/ Shopping, Technology

The high street hard sell – does it put you off?

Previously I’d have been annoyed if a sales adviser recommended a pink laptop just because the recipient was a girl. But when a shop assistant did just that in our latest investigation, I hardly raised an eyebrow.

I don’t expect decent advice from big high street chains any more, and would rather do my own research than rely on direction from assistants who inevitably have sales targets to hit.

Perhaps I’m overly suspicious – our latest round of undercover shopping revealed flashes of spot-on advice from high street electrical shops. But some was frankly awful.

What we wanted from high-street stores

Our undercover shoppers were hunting for a basic laptop and printer that would last for at least three years’ light use at university. Simple? You’d think so, but most of the big-name branches in our investigation tried to sell extras such as extended warranties, Microsoft Office packages and anti-virus software to bump up the final sale, while few independent stores did the same.

Comet even advised three of our shoppers to spend around £100 on a two-year warranty for an Asus laptop costing £300, even though Asus assures us that a two-year manufacturer guarantee is supplied as standard. Nice try, Comet.

What should we expect from target-driven staff?

There’s a definite sense that quantity – rather than quality – is the dominant philosophy driving sales in some big chains. But what can we really expect from assistants with targets to hit?

A cursory glance through vacancies at big chain stores indicates a level of performance-related pay. Comet advertises ‘performance-related bonuses in most business areas’, while PC World and Currys claim to have ‘an excellent bonus scheme related to customer service levels and individual performance’.

Even the John Lewis partnership programme requires all staff to take ‘personal responsibility’ for driving ‘success’.

On top of that, there’s increasing competition from online retailers with minimal overheads and staff, so what alternative to the hard sell can we expect if high street shops are to survive?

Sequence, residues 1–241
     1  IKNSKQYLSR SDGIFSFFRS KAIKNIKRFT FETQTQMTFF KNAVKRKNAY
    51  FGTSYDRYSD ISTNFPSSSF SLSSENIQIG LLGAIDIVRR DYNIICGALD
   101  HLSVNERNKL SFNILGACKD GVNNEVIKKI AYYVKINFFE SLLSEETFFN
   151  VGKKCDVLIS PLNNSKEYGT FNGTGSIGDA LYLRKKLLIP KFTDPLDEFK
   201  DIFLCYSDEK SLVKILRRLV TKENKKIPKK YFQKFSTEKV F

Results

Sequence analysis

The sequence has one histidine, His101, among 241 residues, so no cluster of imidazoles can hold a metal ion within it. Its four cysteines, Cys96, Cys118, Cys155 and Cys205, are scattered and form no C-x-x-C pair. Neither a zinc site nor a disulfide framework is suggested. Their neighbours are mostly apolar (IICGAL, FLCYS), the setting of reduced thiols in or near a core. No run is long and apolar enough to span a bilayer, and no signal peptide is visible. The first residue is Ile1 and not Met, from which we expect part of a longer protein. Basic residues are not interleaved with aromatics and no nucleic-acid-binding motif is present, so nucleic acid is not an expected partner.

Listen to what your customers want

It’s unlikely that traditional electrical stores can compete with online retailers purely on price, unless they buy in such huge volumes that they’d need to push the same models for months at a time. But couldn’t they occupy a niche by offering expert advice and unrivalled customer service? These are two things the online arena can certainly lack.

Instead, only four out of the 60 shops in our investigation were rated ‘excellent’ for listening to what our shoppers actually needed, and many branches tried to sell the extras before they’d even recommended a suitable laptop.

So, why the short-term pursuit for the hard sell? And how does it affect our long-term view of the high street in general? Does anyone even expect impartial, tailored advice from the high street any more, or are we fuelling a culture of pushy sales by failing to see value in anything but the price?


When my daughter broke her laptop, I drove down to Southampton to help her buy a new one. We went into a shop knowing exactly which laptop we wanted (helps being a IT professional wiuth more years experience than I care to admit to). The manager come up to ask if I was ok , to which I said yes thanks this is the one we want to buy, but he then called an assistant over, who then proceeded to ask me about 900 things that I didn’t want to buy, and some of them more than once. With no thanks you being my reply to each and every question. OR don’t need, already got it etc etc. I don’t need to wonder why online shopping is becoming such on hit, no pushy sales people there. Oh yes and of course there was the you’ll need insurance won’t you. Er no, it’ll be covered on my house insurance. Sigh


I prefer to shop on the high street unless I am familiar with a product – in which case I usually buy online. Being able to look at goods often shows poor design, even if it is something as simple as a light-coloured matt surface that is likely to become grubby, or flimsy components.

I will politely decline help from sales assistants. If they persist or give information that is obviously wrong or misleading I will rapidly become less polite.

The only time I know I have been victim of a sales assistant was when I bought a PC as a Christmas gift. PC World sold me what they described as a ‘complete package’ including a big box of extras but there were no speakers. I ended up paying an extra £20 from another PC World store after Christmas.

Sales assistants or checkout operators pushing extended warranties seems to be a thing of the past, as far as I’m concerned. Many years ago, when Which? started campaigning about their poor value, I put a few shop staff in their place and suggested that they read the criticism in Which? magazine.


It’s not just limited to the high street – upgrading the wife’s phone yesterday, rang them for a pac code as the online upgrade was only offering a worse package.
The advisor was more concerned with telling me about “hidden charges” of other suppliers.

Like most things today, you cannot rely on any sales/official advice and have to do your own research.